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Field Emission as a Probe of the Surface Density of States



David R. Penn, E. W. Plummer


Field-emission measurements of the total-energy distribution from a clean metal surface are shown to provide information about the density of states near the surface. Specifically, we find the field-emitted current per unit energy at energy ω to be given approximately by j(ω) (2hbar}/ m)Sλ-2 (ω)ΣmD02( Eperp}m) x |ψm(xm)|2δ (ω - εm), where D20 is the usual barrier-penetration probability with image potential corrections, Eperp}m= ω - hbar} 2k2||/2m, where k|| is the electron momentum parallel to the surface, |ψm(xm)| is the amplitude of the metal electron at the classical turning point (xm 1-2 Aring}), λ (ω) is a slowly varying function of ω, and S is the metal surface area. The D20 factor in j(ω) strongly weights electron states with small k|| and consequently j(ω) measures the density of states at xm arising from the component of the bulk band structure normal to the surface. Measurements of j(ω) for several single-crystal planes of tungsten will be presented and compared to the relevant photoemission data.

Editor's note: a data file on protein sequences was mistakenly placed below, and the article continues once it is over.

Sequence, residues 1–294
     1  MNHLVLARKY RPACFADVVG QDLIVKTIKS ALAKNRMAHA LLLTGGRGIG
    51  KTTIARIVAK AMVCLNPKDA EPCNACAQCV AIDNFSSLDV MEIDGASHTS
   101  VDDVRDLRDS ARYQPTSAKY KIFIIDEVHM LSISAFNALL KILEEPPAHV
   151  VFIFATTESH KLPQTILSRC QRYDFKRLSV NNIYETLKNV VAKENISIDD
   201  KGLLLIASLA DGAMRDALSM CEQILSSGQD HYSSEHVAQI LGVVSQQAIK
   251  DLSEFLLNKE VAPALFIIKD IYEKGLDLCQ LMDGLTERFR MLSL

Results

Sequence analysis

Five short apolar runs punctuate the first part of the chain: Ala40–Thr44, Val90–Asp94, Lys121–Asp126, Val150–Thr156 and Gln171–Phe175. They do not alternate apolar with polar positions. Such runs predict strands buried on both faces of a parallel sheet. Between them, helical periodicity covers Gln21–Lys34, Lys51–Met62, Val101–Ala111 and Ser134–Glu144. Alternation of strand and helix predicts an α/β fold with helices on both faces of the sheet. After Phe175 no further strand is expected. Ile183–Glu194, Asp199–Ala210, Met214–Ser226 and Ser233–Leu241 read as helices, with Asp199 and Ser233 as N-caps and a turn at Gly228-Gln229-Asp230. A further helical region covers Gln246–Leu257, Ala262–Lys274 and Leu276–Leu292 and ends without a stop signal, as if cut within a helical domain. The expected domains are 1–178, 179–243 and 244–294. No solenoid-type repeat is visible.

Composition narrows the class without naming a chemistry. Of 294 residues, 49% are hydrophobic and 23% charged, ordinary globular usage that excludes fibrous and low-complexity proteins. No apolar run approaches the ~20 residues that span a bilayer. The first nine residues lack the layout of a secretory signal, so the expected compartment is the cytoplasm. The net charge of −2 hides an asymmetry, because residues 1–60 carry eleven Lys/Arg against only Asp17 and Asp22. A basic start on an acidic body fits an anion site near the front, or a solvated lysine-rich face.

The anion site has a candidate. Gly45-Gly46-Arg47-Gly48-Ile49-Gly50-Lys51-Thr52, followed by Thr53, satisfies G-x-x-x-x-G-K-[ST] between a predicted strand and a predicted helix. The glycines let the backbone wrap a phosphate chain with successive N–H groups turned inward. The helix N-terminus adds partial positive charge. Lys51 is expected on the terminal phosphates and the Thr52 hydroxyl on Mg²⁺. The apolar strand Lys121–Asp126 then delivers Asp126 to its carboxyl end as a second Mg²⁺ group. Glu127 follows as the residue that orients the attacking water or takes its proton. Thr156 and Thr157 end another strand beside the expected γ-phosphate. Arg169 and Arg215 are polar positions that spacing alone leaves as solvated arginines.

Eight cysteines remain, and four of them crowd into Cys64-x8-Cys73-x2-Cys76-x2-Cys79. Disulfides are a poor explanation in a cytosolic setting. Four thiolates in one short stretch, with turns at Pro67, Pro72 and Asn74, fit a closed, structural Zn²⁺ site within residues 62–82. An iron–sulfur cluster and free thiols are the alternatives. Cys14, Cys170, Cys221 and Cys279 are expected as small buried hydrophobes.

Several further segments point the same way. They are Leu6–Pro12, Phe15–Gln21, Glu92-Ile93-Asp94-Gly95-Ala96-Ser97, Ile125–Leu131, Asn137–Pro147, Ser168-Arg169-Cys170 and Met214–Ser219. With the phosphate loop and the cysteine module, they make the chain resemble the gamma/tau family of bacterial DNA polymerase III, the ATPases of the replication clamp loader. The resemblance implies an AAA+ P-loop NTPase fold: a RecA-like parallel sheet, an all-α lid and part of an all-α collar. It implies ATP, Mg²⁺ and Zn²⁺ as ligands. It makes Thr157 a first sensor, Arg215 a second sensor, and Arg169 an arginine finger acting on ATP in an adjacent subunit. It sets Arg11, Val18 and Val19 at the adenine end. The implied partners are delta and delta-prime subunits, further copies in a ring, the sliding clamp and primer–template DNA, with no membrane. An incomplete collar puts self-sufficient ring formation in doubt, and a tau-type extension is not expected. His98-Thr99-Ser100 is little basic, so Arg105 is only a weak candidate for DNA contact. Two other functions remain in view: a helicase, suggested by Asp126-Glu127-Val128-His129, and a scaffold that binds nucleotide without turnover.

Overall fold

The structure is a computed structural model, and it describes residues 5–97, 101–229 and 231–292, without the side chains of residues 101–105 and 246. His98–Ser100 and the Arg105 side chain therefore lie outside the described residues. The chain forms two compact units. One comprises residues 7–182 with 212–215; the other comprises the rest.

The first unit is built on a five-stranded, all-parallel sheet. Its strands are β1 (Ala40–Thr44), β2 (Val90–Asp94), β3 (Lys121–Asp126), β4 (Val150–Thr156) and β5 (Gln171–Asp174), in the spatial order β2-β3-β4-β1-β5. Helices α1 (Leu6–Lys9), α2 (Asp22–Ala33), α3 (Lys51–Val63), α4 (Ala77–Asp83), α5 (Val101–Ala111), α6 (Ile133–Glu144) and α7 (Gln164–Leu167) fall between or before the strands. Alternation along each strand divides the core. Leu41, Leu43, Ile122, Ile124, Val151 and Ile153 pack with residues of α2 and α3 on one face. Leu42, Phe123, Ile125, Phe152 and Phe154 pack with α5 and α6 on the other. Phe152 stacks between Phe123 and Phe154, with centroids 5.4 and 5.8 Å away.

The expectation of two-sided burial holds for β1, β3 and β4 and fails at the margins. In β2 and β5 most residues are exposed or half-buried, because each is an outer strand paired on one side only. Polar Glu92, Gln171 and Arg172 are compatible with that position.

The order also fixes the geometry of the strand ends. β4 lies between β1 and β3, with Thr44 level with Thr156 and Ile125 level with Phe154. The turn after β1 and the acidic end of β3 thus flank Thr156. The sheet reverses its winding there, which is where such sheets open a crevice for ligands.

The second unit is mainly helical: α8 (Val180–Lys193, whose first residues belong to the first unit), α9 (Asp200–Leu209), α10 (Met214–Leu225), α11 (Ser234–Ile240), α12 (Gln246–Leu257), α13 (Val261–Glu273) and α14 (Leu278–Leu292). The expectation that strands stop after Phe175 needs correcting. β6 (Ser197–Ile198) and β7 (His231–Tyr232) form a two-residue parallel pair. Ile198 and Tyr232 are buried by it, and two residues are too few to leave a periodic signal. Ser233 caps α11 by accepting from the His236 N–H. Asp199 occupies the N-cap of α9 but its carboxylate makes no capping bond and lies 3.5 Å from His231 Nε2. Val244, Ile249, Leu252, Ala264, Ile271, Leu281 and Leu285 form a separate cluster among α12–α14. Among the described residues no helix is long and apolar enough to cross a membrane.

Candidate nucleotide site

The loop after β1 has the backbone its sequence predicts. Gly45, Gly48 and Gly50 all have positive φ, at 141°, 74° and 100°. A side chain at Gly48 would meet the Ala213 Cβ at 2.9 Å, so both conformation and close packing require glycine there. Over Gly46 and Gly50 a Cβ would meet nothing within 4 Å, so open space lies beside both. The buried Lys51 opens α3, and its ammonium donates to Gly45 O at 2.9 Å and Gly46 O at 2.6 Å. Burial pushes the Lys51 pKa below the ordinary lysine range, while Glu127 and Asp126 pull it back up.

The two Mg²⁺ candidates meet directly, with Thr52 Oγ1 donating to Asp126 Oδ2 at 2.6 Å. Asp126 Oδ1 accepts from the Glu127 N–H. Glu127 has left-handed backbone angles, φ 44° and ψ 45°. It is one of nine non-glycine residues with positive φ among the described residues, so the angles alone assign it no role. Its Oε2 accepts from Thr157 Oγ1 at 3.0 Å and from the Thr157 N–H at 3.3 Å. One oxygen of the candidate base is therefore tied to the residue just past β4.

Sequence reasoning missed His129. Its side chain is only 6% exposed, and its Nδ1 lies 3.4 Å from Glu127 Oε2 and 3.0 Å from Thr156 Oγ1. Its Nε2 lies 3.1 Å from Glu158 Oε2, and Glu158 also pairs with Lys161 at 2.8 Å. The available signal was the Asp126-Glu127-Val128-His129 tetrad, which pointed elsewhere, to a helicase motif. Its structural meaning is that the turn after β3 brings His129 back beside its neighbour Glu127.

Physical Review B (Condensed Matter and Materials Physics)


Penn, D. and Plummer, E. (1974), Field Emission as a Probe of the Surface Density of States, Physical Review B (Condensed Matter and Materials Physics) (Accessed March 2, 2024)
Created February 14, 1974, Updated October 12, 2021